TC TO JOHN CHILDS; 16 April 1847; DOI: 10.1215/lt-18470416-TC-JCHI-01; CL 21:193-194.
TC TO JOHN CHILDS
Chelsea, 16 April, 1847—
My dear Sir,
It was not I that wrote the Cromwell-Hampden Tract; I have not even read it, except what I saw in the Examiner.1 By the extracts given there, I perceived that it was a modern piece; and guessed, for my own behoof, that probably it was by Savage Landor, a man who, as you know, is accustomed to “Imaginary Dialogues,” and struggles to express in that, and other still more obstructed ways, various manful ideas that are in him.2 God knows, we have reason to be glad of such, in what way soever they are expressed!
Arnold's date of the Naseby visit is right; and I was never there but once.3 The Doctor and I did not make out the Battlefield at all, being misled by the foolish monument the Landlord has set up there, above a mile from the right place. We came home, however, with a picture of the ground in our head; and next year the Landlord's son,4 a friend of mine, carried on the investigation on the spot, assisted by continual Letters from me, in answer to all his inquiries; so that I was, in a sense, present a second time. The two grinder-teeth are still here: I think I must give you one of them, if I have not an opportunity of reburying it soon!5— — I believe there is more work of the like sort,—“the same with a difference,” as Landor says,6—coming on for us, perhaps, faster than we imagine. The miserable Irish Potatoe, if it continue rotten, is bringing on the catastrophe with really frightful speed.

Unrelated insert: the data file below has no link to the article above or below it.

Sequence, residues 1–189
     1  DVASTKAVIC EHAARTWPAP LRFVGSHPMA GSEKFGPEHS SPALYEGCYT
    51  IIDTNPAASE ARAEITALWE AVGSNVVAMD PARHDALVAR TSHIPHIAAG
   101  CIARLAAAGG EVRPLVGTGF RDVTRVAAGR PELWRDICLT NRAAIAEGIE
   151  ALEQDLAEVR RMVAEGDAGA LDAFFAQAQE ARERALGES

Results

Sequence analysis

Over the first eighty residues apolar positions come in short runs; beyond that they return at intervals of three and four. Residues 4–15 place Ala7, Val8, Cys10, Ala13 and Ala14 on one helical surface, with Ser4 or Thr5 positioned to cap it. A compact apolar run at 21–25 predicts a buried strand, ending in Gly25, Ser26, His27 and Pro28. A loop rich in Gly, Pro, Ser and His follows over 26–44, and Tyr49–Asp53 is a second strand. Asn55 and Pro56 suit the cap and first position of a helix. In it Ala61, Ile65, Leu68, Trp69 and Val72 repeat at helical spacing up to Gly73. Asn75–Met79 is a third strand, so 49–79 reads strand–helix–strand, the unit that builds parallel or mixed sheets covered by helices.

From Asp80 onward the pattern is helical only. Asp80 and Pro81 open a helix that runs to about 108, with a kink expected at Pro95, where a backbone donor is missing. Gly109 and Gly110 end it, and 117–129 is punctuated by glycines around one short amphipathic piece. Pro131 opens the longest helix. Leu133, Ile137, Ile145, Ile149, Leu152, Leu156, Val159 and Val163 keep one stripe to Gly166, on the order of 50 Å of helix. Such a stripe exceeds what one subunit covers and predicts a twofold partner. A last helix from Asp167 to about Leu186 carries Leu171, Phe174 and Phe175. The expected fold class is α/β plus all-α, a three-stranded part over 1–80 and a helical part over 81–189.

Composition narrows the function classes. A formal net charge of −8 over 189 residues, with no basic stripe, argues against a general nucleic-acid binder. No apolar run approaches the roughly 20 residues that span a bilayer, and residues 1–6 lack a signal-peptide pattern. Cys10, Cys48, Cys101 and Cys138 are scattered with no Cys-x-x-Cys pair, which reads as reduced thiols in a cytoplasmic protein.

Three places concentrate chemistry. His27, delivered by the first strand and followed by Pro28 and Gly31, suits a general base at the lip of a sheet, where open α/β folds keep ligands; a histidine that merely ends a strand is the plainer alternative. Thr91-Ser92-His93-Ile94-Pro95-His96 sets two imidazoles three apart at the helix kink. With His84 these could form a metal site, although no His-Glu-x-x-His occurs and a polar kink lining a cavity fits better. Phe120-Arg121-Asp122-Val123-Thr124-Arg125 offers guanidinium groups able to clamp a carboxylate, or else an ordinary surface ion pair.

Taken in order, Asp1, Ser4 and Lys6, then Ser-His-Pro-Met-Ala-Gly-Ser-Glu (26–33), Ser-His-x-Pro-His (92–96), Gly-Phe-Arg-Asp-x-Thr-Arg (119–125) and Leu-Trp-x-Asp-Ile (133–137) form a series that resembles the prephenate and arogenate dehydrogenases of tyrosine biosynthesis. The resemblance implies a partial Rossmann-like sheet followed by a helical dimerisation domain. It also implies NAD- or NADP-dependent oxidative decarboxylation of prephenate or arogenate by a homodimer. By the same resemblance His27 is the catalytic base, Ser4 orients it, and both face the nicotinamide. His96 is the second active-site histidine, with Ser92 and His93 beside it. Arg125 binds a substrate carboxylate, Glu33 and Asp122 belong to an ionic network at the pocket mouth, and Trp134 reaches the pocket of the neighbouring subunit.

I have been looking into your Bingham lately,7 and find much good learning in him. When you come to Town, let us see you some evening, if you have a vacant hour.
Yours always truly /